Mayer Rafael Alhalel as a student

Mayer Rafael Alhalel as a student

Bild

This is my future husband Mayer Rafael Alhalel as a student. The photo was made in Vidin [port city on the right bank of the Danube in Bulgaria, 220 km. away from Sofia] in the distant 1938. On this photo he is studying in the third junior high-school grade, which is equivalent to present-day eighth grade (i.e., he has passed four primary school forms and three junior high school grades). At the time the photo was made he was 15 years old. He had already been transferred from the Jewish primary school, which had only four grades and he was studying in the boys' high school in Vidin 'Tsar Simeon Veliki'. I was studying in the girls' high school in Vidin, and although we were neighbors and had studied in the same Jewish school, we did not know each other well. At that time there were not any anti-Semitic reactions in Vidin yet, although the Law for Protection of the Nation [A comprehensive anti-Jewish legislation in Bulgaria was introduced after the outbreak of World War II. The 'Law for the Protection of the Nation' was officially promulgated in January 1941] was about to be adopted in Bulgaria. I remember that the political climate in 1938 was still calm.

After our marriage in 1948 my husband Mayer Rafael Alhalel told me that the Jewish men in his first and second labor camp were about 300-400 people [ Labor camps were established under the Council of Ministers' Act in 1941. All Jewish men between the ages of 18-50, eligible for military service, were called up. In these labor groups Jewish men were forced to work 7-8 months a year on different road constructions under very hard living and working conditions]. They were divided into groups: a Vidin one, a Vratsa one and a more general one including workers from Jewish origin born in Northwest Bulgaria. The Vidin group had a 'seemed-to-be' vicious and cruel supervisor: that is he cursed the Jews and made them do hardest work in front of his superiors, but as soon as those superiors went away, he started playing belote with the Jewish men. It was only after 9th September 1944 [The day of the communist takeover in Bulgaria. In September 1944 the Soviet Union declared war on Bulgaria. On 9th September 1944 the Fatherland Front, a broad left-wing coalition, deposed the government.] that my husband learnt that their strict supervisor was also a UYW member [The Union of Young Workers was a communist youth organization, which went underground after the coup d’etat in 1934, when parties in Bulgaria were banned and fought against the fascist regime]. But he had become a supervisor in a Jewish labor camp, because he was very poor and he needed money.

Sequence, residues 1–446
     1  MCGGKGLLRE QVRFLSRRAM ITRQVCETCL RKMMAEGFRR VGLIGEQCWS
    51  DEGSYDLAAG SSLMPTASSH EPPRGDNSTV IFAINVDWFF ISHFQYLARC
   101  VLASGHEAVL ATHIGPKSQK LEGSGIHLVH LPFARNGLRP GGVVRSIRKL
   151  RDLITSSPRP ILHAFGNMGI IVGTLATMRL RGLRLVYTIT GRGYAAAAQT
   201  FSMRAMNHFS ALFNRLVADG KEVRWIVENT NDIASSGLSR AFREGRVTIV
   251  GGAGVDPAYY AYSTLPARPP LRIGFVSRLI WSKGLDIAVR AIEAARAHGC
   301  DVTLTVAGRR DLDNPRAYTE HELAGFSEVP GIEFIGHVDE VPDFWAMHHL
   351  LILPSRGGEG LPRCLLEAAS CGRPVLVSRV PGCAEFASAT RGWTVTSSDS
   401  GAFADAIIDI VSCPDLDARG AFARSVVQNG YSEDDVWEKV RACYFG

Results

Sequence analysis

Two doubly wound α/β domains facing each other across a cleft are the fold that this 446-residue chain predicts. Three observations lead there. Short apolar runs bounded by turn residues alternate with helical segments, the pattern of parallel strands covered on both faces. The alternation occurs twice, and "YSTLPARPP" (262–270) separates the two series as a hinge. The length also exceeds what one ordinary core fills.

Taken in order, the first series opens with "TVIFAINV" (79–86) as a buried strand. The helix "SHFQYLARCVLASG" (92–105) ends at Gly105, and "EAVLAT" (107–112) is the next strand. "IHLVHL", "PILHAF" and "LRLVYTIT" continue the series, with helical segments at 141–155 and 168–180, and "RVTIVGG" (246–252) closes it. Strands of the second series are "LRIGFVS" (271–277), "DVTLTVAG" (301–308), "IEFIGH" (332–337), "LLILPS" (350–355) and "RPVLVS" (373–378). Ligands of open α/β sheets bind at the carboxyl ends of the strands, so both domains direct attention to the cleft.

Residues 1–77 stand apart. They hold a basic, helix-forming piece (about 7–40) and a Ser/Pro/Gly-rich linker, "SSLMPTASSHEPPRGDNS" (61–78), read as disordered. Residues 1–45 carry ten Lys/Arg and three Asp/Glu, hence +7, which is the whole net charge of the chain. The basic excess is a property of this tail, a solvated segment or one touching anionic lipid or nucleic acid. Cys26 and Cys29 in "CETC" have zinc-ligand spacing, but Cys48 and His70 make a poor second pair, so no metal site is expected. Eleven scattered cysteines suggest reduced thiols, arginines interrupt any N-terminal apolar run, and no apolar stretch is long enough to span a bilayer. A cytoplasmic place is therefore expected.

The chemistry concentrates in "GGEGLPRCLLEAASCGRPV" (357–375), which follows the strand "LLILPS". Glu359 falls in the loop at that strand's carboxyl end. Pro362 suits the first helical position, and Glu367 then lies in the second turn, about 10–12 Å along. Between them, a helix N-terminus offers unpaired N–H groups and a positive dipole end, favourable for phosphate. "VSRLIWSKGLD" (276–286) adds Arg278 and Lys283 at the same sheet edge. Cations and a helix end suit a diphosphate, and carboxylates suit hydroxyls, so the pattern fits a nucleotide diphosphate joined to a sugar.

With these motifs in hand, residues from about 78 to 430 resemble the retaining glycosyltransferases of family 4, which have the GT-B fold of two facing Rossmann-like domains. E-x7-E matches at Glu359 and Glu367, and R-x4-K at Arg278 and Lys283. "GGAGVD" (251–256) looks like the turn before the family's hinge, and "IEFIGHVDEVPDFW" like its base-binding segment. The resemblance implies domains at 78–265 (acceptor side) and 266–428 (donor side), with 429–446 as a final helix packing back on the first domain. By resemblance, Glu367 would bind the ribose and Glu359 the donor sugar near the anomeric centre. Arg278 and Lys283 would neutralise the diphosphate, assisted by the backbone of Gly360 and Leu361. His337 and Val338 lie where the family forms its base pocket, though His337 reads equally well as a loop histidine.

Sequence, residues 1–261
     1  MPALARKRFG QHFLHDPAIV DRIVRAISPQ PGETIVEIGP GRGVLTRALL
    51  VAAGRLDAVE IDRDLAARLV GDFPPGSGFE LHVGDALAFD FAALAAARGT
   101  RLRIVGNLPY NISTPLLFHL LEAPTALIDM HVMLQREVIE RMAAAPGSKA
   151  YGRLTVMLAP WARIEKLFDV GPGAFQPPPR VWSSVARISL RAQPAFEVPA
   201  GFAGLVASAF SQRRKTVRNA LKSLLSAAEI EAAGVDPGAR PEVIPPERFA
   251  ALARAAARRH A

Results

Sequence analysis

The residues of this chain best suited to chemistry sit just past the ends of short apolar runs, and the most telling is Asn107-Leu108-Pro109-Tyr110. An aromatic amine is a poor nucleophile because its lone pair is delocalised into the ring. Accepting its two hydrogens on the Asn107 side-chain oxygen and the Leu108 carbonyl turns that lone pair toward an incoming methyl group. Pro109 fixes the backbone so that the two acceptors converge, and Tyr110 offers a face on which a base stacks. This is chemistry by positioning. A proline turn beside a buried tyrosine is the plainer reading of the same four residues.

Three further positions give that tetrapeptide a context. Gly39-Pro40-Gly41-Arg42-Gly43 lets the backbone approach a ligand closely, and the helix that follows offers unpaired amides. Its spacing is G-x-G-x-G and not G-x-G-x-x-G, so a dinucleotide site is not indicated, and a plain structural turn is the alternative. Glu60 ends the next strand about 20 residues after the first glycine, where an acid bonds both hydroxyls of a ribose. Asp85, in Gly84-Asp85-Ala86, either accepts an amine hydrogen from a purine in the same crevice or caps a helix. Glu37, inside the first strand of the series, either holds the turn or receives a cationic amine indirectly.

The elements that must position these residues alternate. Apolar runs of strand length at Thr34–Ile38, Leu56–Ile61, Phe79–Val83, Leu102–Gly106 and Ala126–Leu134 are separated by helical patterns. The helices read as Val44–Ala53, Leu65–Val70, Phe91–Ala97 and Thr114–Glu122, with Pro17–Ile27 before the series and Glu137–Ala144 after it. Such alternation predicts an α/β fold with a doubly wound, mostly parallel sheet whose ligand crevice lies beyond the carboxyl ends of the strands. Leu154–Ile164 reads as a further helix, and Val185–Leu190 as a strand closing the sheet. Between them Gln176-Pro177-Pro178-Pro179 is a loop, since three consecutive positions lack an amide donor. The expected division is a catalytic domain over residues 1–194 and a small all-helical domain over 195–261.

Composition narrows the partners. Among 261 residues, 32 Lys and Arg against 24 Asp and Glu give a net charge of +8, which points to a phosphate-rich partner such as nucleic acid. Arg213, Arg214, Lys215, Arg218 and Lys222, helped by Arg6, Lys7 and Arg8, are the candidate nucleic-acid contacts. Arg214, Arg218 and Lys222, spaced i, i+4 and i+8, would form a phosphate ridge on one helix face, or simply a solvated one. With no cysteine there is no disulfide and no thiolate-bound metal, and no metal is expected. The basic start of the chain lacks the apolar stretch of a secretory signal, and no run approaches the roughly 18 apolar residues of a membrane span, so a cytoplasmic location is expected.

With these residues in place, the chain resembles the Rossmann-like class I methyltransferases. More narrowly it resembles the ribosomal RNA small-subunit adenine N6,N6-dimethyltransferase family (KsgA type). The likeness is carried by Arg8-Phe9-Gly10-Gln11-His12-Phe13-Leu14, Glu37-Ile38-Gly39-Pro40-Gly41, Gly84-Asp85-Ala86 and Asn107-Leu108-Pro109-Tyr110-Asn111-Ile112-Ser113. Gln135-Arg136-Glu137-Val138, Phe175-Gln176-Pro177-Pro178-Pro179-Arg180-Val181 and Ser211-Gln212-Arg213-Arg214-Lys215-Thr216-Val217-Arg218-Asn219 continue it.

Open this page

Photo details

Interviewee

Gitli Alhalel